She also pointed to Biden’s recent trip abroad — to the Group of 20 summit in Rome and the U.N. climate summit in Glasgow, Scotland — as an example of the president’s strategy for handling China through building the United States’ global alliances, especially with European partners.

“We have made enormous strides in building those relationships, including on the president’s trip just two weeks ago, where he had a range of conversations,” Psaki said.

Other top administration officials held multiple conversations with their Chinese counterparts to prepare for the summit. On Saturday, for instance, Secretary of State Antony Blinken pressed Wang Yi, the Chinese foreign minister, on rising tensions over Taiwan, expressing in a call concerns about Beijing’s “continued military, diplomatic and economic pressure” against the self-governing island.

Yet the United States and China have found common cause on climate, with the two countries pledging last week at the U.N. climate summit in Glasgow to work together on slowing global warming.

The Chinese president recently tightened his grip on power in Beijing with a new resolution that bolsters his position, allowing him to stay in his role until at least 2027 — a development that U.S. officials said made the direct discussion between Biden and Xi on Monday all the more critical.

The meeting began Monday almost exactly on schedule, at 7:46 p.m. Eastern time and ended at 11:24 p.m. The two communicated via interpreters. Although they were not physically in the same room, they were able to “interact with one another in the way that they’ve not quite had in their phone calls,” the senior administration official said.

Among the Chinese officials calling in from the Great Hall of the People in Beijing were Wang, economics czar and trade negotiator Liu He and senior diplomat Yang Jiechi, as well as Vice Foreign Minister Xie Feng and Ding Xuexiang, director of the general office of the Central Committee of the Chinese Communist Party, a top political body, who is considered part of Xi’s inner circle. Biden administration attendees included Blinken, Sullivan and Treasury Secretary Janet L. Yellen.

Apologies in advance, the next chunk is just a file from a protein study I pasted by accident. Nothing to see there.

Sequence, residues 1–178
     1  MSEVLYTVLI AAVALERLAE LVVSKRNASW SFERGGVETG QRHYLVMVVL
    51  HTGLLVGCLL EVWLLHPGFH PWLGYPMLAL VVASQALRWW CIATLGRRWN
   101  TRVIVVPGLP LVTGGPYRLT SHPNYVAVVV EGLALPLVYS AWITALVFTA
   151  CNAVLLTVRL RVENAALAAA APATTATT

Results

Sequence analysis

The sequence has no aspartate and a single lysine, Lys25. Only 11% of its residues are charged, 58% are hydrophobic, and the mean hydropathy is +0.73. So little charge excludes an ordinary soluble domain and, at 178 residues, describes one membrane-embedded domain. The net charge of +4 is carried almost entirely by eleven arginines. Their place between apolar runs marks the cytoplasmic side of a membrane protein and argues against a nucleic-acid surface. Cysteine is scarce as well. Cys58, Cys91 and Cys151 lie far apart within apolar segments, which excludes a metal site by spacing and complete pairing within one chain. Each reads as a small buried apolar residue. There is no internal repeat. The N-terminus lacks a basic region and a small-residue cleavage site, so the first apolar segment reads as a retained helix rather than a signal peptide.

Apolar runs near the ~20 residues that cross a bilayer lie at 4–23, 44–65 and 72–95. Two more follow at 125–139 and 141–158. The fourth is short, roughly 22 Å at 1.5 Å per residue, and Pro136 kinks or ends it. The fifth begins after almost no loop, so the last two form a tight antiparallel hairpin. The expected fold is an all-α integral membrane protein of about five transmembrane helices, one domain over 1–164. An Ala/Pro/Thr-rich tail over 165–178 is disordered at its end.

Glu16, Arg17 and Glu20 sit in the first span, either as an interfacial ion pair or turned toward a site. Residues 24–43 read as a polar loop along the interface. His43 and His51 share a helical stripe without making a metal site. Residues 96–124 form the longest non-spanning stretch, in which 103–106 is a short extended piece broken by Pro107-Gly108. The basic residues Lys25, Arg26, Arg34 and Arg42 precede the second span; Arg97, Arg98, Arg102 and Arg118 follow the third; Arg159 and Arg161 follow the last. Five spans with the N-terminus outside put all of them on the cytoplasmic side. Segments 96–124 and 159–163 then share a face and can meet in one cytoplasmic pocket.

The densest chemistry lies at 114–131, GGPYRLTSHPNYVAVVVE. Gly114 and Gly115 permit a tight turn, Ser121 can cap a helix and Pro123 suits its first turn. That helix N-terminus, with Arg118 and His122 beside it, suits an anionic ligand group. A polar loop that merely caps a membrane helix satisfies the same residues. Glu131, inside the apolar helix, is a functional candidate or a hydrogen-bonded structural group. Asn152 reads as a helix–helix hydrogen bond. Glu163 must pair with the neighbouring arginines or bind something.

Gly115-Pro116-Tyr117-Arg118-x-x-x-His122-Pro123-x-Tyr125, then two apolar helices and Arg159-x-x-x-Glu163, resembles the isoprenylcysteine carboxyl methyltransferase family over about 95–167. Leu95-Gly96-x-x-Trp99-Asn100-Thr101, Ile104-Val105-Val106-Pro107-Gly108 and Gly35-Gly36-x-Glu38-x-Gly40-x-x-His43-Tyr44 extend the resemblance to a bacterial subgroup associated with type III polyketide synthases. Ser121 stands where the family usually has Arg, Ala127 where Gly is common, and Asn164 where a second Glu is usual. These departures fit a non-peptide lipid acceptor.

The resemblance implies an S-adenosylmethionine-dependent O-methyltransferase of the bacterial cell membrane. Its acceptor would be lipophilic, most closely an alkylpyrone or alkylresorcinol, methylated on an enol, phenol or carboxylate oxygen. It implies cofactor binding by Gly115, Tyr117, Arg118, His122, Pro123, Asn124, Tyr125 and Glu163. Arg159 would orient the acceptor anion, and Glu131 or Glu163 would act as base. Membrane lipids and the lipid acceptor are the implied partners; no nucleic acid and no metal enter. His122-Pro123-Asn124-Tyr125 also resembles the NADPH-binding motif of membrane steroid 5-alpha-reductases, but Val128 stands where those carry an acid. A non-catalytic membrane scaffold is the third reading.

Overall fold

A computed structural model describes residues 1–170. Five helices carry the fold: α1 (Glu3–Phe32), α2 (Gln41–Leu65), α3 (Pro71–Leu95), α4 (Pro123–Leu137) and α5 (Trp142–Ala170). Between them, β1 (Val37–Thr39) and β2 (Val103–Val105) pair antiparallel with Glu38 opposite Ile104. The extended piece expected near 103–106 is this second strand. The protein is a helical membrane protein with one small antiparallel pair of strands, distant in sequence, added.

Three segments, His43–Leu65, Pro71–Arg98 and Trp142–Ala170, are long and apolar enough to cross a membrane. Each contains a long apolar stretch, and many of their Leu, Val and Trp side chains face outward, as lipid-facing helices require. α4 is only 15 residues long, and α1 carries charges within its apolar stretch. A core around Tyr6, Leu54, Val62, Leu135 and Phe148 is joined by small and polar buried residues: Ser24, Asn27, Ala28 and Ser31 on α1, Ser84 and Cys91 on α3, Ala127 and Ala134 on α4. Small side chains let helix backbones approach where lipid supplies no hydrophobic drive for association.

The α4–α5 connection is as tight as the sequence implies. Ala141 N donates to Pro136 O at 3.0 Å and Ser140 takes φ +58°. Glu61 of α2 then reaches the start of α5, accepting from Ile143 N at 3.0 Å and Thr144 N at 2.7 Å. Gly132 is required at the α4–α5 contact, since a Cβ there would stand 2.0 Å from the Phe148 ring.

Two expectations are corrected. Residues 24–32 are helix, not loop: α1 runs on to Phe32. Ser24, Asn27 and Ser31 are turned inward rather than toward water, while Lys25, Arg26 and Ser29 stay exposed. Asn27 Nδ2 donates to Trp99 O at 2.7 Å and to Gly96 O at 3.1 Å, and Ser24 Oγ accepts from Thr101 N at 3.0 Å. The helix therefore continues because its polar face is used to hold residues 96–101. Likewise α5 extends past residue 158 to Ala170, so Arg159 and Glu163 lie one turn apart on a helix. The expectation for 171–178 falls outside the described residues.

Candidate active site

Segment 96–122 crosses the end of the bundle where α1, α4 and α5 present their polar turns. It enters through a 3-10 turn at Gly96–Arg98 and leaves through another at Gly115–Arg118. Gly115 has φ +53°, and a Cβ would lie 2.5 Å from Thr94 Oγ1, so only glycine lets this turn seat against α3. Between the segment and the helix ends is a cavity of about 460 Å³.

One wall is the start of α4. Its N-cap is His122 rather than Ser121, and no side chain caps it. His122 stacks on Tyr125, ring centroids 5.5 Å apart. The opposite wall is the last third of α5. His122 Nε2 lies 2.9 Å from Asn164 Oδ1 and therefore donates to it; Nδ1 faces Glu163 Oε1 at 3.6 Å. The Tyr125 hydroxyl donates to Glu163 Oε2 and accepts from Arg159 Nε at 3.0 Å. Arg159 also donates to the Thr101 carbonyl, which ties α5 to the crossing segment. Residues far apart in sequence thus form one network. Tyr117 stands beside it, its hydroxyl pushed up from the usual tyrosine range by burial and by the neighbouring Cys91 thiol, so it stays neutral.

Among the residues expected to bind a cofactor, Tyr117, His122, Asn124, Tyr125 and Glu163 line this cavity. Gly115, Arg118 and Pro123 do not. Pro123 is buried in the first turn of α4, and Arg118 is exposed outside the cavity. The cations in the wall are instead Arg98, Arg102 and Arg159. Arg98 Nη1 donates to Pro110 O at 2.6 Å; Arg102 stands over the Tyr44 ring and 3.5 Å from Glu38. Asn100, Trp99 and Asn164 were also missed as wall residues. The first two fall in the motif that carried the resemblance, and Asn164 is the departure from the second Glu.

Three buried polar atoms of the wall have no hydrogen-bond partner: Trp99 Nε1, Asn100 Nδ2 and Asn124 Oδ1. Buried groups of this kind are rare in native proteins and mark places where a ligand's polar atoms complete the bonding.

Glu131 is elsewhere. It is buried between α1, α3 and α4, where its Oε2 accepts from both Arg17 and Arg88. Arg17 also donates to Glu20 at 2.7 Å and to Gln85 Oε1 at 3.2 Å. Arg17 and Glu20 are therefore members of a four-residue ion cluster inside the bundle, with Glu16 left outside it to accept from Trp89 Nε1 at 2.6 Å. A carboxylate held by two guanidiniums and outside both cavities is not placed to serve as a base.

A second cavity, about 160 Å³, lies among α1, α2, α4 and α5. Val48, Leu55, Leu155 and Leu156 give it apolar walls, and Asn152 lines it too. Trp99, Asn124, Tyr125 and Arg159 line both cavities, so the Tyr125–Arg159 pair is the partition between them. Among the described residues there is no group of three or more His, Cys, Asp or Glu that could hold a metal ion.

Monday’s virtual meeting marked the third direct conversation since Biden took office in January; the last two discussions were over the phone, most recently on Sept. 9. Xi has not left China since the start of the coronavirus pandemic.

The relationship between the two men stretches back nearly a decade, to when Biden was vice president under President Barack Obama. Psaki stressed that the leaders’ rapport allows Biden “a level of candor, to be direct, not to hold back.”

Still, Psaki made clear that the relationship has its limits. In 2013, during a trip that Biden took to Asia, Xi welcomed the U.S. vice president as “my old friend” — a descriptor Biden rejected when asked about it in June, noting pointedly: “Let’s get something straight. We know each other well; we’re not old friends. It’s just pure business.”

Asked Monday about Biden’s June assessment, Psaki said she could confirm that the president “still does not consider him an old friend, so that remains consistent.”

Yet as the summit began, Xi seemed determined to reiterate his camaraderie with Biden — reviving what, depending on one’s perspective, is either a term of endearment or an unwelcome moniker.

“Good to see you, Mr. President and your colleagues,” Xi said, through an interpreter. “It’s the first time for us to meet virtually. Although it’s not as good as a face-to-face meeting, I’m very happy to see my old friend.”

Lily Kuo reported from Taipei.